During a week in May this year, my PR agency Pleiades Media was involved in the visit to South Africa by renowned Greek chef Nikolaos Fotiadis. Thanks to an initiative by the Greek ambassador to South Africa, Ms. Maria Diamantopoulou, Fotiadis presented traditional and modern Greek cuisine to groups of diners in Pretoria, Johannesburg and Cape Town. The trip was intended to strengthen cultural ties between South Africa and Greece.
Was this just another event in a long line of similar (ho, hum) events? Was it simply an opportunity to wine and dine the travel and food media and score points in the big PR scramble?
Well yes, to be honest. But the Greek chef’s take on his nation’s food went way beyond the standard moussaka, tzaziki or pita bread. His was a quest to find the origins of recipes and ingredients, cultural influences and nuances that informed the very essence of a dish itself, telling a story in the process.
His seafood risotto, for example, was a beautiful earthy, warm, rich monastic stew, and, while served in the hallowed halls of the Pretoria Country Club, had all the smokiness and dank essence of a medieval monastery where its origins lay and sustained generations of monks in cold stone buildings through chilly winters.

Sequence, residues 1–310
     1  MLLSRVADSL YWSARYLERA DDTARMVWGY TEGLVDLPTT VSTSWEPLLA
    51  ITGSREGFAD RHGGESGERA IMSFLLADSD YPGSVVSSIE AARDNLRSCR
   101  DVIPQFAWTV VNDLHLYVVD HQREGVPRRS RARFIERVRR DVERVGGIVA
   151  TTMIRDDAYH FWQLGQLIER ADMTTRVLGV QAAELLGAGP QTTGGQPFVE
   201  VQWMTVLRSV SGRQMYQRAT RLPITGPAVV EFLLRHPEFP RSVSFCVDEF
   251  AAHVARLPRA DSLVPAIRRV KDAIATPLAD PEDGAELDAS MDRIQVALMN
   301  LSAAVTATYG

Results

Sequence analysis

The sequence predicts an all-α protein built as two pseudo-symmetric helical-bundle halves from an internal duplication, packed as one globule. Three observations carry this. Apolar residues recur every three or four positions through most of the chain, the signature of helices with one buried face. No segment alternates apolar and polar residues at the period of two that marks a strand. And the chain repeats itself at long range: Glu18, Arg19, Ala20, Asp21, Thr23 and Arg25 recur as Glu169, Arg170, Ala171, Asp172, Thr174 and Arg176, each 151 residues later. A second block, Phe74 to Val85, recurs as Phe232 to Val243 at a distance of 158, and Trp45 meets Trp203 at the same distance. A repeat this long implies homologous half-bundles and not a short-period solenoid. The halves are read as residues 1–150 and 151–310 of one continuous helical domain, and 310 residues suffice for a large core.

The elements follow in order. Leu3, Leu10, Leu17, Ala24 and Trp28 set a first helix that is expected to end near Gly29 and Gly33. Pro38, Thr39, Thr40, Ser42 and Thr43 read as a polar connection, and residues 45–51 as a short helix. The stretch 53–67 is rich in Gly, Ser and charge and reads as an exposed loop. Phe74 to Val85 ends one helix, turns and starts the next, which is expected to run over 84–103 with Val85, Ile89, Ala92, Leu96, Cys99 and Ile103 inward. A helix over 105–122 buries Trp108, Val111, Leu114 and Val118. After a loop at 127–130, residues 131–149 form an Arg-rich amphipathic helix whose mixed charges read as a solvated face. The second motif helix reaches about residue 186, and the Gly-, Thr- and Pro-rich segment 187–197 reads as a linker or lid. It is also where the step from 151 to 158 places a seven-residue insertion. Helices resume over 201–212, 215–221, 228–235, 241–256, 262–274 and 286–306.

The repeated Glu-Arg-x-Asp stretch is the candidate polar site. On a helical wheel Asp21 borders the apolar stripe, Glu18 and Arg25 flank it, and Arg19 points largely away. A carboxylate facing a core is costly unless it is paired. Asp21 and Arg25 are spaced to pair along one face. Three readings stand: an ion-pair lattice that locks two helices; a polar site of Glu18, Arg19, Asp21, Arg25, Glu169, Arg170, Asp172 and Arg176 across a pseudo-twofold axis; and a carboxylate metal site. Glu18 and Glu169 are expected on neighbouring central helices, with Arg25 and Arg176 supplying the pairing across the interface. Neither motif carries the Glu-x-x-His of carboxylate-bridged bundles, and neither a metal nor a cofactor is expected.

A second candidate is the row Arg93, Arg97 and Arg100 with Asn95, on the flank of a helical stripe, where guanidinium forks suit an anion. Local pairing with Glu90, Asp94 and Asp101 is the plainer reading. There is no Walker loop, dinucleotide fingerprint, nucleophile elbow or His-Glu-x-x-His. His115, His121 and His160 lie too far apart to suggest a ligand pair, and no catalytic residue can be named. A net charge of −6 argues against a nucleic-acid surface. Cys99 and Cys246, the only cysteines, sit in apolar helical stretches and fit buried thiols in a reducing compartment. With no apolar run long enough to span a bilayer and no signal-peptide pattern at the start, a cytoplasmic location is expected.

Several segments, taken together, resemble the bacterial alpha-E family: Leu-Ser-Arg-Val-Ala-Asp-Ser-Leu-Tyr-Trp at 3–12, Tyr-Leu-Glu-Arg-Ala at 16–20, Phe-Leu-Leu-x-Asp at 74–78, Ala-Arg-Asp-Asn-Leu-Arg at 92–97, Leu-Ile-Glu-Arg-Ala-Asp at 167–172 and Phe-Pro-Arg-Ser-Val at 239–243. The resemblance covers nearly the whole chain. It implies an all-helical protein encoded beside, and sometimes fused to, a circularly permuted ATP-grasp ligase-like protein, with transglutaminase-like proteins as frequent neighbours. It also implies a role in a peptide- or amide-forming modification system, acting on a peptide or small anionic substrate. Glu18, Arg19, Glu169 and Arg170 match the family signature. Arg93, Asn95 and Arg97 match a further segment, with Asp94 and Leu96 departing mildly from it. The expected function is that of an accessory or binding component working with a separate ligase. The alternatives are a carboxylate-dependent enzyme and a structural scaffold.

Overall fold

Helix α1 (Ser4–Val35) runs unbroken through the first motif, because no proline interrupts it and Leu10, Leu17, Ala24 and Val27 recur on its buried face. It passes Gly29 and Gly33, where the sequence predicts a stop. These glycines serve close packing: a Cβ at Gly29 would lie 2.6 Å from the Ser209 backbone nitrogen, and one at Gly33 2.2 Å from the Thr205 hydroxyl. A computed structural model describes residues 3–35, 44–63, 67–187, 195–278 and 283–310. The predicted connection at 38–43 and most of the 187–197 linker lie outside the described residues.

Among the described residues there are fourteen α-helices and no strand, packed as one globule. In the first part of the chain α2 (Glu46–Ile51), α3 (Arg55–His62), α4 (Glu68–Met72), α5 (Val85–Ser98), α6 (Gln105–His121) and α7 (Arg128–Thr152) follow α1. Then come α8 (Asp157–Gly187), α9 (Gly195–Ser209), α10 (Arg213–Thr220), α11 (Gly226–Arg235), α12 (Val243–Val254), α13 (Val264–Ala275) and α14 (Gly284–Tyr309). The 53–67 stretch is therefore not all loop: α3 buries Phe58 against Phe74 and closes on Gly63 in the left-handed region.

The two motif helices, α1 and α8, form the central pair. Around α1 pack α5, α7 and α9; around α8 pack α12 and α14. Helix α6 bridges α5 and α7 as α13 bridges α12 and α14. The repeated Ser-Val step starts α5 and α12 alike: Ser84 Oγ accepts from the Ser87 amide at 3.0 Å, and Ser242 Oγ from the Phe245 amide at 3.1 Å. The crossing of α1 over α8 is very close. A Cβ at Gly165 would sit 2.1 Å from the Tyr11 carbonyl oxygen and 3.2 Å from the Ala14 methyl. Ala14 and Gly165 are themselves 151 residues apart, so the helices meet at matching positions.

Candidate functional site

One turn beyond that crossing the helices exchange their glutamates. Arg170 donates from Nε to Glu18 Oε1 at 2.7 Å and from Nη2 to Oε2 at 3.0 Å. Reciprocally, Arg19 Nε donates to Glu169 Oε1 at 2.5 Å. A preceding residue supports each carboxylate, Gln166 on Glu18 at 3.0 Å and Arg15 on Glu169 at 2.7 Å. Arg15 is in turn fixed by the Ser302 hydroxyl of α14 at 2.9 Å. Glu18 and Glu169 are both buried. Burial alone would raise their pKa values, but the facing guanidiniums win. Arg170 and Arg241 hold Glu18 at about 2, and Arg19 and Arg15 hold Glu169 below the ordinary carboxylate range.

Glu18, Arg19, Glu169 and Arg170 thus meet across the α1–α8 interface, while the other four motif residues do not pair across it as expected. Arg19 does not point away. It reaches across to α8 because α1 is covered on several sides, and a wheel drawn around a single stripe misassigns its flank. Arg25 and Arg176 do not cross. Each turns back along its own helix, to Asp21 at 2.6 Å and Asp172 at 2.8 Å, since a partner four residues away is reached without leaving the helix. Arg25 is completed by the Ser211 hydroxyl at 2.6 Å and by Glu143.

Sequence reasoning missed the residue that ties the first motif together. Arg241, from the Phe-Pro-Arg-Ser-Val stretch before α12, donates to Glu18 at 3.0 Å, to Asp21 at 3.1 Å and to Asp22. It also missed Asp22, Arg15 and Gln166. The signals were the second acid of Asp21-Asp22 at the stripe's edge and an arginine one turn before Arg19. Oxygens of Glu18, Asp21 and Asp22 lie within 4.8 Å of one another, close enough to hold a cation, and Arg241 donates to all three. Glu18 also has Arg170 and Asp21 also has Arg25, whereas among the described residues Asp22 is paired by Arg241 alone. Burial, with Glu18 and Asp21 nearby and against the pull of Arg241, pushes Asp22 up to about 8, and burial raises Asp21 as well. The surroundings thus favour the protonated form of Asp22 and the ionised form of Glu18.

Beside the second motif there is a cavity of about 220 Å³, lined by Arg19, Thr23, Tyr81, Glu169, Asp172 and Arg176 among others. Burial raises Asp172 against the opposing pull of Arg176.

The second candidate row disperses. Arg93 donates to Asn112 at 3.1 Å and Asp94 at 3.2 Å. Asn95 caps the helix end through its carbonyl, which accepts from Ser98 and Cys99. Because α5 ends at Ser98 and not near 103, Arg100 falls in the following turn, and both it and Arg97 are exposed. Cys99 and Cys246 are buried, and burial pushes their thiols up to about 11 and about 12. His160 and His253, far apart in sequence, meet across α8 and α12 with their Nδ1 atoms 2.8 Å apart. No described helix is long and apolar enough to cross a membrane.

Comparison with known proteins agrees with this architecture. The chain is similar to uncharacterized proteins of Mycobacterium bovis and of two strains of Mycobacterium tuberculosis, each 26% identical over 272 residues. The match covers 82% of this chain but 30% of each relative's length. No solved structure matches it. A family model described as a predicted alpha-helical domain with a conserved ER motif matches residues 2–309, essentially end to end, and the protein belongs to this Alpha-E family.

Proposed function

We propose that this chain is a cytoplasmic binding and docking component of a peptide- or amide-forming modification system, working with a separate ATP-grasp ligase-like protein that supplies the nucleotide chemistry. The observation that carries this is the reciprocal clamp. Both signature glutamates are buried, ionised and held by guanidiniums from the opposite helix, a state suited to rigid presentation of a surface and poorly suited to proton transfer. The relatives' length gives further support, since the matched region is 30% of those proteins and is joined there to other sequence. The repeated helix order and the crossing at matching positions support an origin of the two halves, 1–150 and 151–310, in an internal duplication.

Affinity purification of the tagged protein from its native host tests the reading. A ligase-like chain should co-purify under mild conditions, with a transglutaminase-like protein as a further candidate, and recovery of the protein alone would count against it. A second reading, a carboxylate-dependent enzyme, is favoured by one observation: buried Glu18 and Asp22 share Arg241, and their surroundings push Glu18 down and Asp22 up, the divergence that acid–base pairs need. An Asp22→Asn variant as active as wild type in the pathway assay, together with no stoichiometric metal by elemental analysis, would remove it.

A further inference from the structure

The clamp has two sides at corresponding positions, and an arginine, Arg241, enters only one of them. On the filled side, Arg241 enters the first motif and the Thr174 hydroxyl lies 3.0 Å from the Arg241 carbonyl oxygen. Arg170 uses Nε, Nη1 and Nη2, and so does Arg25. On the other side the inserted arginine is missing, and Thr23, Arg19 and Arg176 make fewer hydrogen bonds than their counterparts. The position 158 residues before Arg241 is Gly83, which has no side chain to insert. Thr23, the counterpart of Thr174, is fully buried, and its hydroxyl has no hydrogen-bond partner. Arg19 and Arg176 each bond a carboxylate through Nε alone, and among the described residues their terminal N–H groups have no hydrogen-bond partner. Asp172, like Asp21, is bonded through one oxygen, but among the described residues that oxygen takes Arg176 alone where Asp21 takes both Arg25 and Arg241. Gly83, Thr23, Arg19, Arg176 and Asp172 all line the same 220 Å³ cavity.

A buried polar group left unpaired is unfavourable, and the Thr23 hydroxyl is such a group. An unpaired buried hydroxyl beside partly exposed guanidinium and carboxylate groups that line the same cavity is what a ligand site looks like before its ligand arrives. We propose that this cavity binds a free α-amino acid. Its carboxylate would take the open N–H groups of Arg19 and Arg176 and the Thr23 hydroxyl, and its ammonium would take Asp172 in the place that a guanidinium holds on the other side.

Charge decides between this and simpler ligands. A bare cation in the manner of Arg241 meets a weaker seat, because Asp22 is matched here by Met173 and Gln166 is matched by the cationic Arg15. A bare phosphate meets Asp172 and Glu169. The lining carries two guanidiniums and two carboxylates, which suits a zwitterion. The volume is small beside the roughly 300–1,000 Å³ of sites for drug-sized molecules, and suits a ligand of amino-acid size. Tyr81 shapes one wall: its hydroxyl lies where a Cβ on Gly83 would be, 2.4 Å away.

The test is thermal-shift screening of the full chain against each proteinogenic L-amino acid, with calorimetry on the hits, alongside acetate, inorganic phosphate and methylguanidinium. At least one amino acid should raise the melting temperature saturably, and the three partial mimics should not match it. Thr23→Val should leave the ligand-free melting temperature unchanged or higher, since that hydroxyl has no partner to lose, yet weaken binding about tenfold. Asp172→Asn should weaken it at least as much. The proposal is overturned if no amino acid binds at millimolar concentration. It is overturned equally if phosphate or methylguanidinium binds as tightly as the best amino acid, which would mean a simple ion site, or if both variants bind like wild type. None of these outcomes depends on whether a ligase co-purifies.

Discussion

Dish after dish explored the diverse history and traditions of Greece. Many of the recipes were centuries old, lovingly passed down from one epoch to the next using the same indigenous ingredients so lovingly harvested from the ground and picked from original plants and trees.
In taking his dinner guests back to their Helvetian roots, he invoked a sense of national pride. Bazouki musicians, men with grey beards wearing long black robes, crumbling stone pillars dating back before Christ, and the ancient Olympics.
Indeed, Chef Fotiadis ‘ Greek cuisine tells a millennia-long story going way beyond a box ticking PR exercise.
But then I have always believed that the best PR is an expression of authenticity and must resonate with the audience it is intended to influence.
If it is true that the way to a man’s heart is through his stomach then Chef Fotiadis’ contributions to South African Greco relations have indeed found their mark!
Nikos Fotiadis’ viniagrette dressing, perfect with courgettes.
- 3 tea cups Olive Oil
- 1 tea cup red wine vinegar
- 1 tablespoon mustard
- 2 cloves garlic
- ½ tea cup dill
- 1 gram saffron
- 1 teaspoon turmeric
- Salt pepper to taste
Thanks to Jessica Franks for the lovely foodie pics – http://jesska.co.za/2015/06/03/meet-the-chef-nikos-fotiadis/